The International Federation of Journalists released a situation report on the challenges facing journalists in areas of India affected by a long-running Maoist insurgency. The report is the outcome of consultations with and inputs received from working journalists in three states of special concern: Jharkhand, Chhattisgarh and Orissa.
The report reflects a broad consensus among journalists from these three states that the hazards for journalists have been mounting in recent years, with levels of violence increasing and the demands from the Maoist cadre for favourable and uncritical coverage becoming unrelenting.
Splits within the Maoist ranks and the tendency for security agencies to make strategic use of one faction against another, also presents an additional element of hazard for journalists.
There is widespread suspicion among journalists in these three states that their phones are constantly tapped because Maoist cadres often call them on their cell-phones to provide updates and opinions.
Also, since journalists generally encounter little problem in accessing Maoist operational areas, police personnel have on occasion been known to use media identities to infiltrate these areas for intelligence gathering. This makes journalists liable to acts of retribution by the Maoists.
Maintaining a sense of proportion is a constant challenge since every Maoist action is magnified in its impact by the prevailing atmosphere of fear. A general strike call for instance, could emanate from operationally weak quarters of the Maoist insurgency, but would paralyse life in large parts of these states, even if featured as a small news story in the local media.
The insurgency has also skewed the system of rewards and incentives for journalists. A journalist who reports on sensational stories from the Maoist operational areas would gain recognition while another reporting on the general state of poverty, deprivation and the poor state of social services, which are the background conditions in which the Maoist rebellion has taken root, would gain little recognition.
Police personnel in these states are also known to use the special powers they have been conferred to crack down on critical journalists, often using the most draconian provisions of the law such as those pertaining to sedition.
Apart from these hazards, journalists work in conditions of negligible professional security. Few of them have letters of appointment and they mostly work at salary levels well below the subsistence minimum. Most of them are required to multi-task and perform the function of mobilising advertisements for their media, severely impairing their independence and ability to take a critical stance towards administrative officials and local notables with substantial ad budgets at their disposal.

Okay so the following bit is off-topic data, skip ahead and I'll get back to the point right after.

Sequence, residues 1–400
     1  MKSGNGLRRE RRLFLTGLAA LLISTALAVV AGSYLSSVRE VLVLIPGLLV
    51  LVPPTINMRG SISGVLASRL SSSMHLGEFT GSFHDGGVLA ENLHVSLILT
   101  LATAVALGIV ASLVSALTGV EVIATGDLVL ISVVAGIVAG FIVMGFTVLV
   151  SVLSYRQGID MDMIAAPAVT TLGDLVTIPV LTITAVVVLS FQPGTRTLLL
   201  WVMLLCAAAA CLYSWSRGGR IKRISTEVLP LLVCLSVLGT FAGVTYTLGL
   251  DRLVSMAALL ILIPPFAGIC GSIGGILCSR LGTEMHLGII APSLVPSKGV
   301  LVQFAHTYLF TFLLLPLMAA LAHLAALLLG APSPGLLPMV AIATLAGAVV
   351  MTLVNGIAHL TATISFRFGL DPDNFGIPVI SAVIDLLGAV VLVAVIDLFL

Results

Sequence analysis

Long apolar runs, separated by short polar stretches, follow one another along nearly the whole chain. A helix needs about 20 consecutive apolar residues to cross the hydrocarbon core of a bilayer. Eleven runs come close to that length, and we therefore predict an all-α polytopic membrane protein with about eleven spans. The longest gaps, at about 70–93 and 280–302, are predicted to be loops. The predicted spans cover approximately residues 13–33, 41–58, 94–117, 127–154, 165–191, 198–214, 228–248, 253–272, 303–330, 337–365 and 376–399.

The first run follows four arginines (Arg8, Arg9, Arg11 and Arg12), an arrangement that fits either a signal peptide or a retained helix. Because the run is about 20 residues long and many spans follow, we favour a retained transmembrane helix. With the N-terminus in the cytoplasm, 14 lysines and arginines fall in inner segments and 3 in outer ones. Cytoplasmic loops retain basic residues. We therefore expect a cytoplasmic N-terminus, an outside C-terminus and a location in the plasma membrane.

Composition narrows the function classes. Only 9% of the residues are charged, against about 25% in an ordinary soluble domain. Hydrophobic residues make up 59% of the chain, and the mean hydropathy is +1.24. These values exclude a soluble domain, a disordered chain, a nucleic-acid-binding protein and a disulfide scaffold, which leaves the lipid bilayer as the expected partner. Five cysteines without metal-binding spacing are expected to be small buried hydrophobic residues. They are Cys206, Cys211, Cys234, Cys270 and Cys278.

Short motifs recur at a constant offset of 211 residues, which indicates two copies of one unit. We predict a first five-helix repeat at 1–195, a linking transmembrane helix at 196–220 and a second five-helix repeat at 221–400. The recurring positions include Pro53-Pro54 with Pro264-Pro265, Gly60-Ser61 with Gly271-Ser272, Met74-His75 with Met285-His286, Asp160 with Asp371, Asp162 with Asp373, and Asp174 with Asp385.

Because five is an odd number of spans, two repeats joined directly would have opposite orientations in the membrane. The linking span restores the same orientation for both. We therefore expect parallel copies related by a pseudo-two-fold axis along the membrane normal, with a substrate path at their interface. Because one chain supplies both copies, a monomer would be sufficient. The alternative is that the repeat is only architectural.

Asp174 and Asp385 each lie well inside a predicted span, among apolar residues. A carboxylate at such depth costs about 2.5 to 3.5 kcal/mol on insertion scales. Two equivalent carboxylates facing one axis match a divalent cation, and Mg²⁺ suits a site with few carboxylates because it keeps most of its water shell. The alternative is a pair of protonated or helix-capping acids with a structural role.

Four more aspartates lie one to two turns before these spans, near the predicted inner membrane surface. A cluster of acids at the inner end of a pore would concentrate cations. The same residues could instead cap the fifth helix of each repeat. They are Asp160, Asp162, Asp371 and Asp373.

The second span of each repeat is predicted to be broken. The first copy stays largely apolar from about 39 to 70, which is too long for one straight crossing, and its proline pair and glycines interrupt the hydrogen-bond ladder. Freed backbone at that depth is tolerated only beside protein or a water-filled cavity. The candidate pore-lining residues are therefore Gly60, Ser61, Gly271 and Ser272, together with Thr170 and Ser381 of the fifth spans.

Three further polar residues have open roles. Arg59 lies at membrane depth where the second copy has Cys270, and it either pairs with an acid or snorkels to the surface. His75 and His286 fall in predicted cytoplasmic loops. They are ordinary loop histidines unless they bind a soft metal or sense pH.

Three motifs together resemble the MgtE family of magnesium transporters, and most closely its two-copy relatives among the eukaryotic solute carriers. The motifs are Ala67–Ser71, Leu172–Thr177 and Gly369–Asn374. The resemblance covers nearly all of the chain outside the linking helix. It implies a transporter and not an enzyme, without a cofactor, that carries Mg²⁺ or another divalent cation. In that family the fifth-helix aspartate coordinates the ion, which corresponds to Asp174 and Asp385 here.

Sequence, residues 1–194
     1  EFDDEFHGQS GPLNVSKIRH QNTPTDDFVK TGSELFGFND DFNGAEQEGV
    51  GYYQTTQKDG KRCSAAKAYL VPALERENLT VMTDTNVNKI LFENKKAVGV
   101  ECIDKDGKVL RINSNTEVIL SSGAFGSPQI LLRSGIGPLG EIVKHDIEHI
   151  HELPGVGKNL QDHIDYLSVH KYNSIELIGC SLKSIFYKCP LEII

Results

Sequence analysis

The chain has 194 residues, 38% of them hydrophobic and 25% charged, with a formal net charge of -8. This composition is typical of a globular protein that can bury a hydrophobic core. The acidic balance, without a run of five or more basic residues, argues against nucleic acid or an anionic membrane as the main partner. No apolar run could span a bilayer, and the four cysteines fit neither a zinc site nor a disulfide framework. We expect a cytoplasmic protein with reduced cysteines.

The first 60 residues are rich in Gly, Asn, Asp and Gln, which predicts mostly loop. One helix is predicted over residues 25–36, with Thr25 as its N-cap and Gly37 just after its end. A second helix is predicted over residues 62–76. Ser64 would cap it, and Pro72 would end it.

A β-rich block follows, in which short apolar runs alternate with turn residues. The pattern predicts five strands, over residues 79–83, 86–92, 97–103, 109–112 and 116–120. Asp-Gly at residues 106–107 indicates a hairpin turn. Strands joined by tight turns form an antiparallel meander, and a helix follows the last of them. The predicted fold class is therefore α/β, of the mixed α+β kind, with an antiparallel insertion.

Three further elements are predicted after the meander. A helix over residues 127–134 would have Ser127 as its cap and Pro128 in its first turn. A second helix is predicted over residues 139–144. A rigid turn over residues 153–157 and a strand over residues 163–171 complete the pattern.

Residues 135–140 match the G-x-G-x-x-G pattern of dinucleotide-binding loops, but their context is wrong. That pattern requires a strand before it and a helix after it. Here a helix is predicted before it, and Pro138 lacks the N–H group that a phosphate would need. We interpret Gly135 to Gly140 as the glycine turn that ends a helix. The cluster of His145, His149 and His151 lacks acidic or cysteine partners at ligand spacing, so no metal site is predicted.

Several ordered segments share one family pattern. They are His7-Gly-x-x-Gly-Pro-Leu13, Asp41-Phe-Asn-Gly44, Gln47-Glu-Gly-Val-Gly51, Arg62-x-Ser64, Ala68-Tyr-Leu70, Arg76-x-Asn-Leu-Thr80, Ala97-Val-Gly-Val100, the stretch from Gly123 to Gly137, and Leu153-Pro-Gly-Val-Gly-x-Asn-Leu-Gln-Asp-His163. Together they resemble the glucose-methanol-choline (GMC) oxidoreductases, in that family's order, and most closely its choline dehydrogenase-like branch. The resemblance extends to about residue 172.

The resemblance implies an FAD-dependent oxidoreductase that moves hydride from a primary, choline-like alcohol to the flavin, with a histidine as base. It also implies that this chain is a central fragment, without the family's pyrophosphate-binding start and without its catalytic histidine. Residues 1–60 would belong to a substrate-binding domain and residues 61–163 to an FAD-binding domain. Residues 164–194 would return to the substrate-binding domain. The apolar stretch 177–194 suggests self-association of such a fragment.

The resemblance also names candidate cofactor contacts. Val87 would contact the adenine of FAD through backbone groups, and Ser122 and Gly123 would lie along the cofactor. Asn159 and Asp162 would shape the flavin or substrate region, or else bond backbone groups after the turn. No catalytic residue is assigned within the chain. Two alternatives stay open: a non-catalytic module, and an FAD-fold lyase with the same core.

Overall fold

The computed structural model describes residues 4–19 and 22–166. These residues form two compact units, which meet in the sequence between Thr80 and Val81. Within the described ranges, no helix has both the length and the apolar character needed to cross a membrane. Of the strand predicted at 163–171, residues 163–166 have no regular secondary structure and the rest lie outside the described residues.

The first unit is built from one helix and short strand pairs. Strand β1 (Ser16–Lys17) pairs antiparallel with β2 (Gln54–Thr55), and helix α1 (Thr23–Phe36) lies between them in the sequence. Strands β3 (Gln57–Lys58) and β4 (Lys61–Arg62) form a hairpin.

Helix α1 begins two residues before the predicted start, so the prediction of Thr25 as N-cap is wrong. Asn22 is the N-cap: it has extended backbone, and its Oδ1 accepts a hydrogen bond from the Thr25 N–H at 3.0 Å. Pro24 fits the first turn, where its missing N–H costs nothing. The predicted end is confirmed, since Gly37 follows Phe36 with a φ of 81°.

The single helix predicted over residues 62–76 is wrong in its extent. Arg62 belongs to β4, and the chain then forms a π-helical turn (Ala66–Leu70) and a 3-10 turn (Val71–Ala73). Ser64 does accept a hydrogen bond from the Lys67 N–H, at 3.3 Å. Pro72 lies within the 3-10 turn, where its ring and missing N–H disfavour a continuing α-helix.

The system of issuing press credentials in these states remains opaque and unprofessional. Media owners are known to dominate the process and to corner available quotas in the issue of official press accreditation cards, which enable quick access to official spaces.
At a meeting held in August to discuss the main findings of inquiries in the three states, journalists adopted a campaign that put forward a set of specific demands, including insurance cover for all journalists assigned to work in districts of active Maoist insurgency, and special credentials for media personnel, including if necessary district-level accreditation for these individuals.
It was proposed that journalists’ unions in these states should launch a campaign to generate public awareness on the need for the media to work in an environment free of fear. To this end, they would seek to secure a public declaration from all sides in the conflict, that media would be granted unfettered access to all sites of news importance.
A safety code suitable to local situations would evolve and coordination between editorial departments and the reporters in the field would improve to ensure that news headlines, layouts and presentation do not misrepresent realities and create avoidable risks.
Finally, unions in all these states have resolved to expand their membership and to provide unrepresented journalists a platform. Until such time that issues of accreditation are resolved, the unions have undertaken to campaign strongly to ensure that the identity cards they issue are accepted by all sides as adequate proof of media credentials.
The IFJ extends its full support to this campaign. The IFJ urges that conflicts in these states be resolved through an assertion of basic democratic norms and recognition of the role that journalists play as facilitators of the democratic right to know.
The report can be found here.
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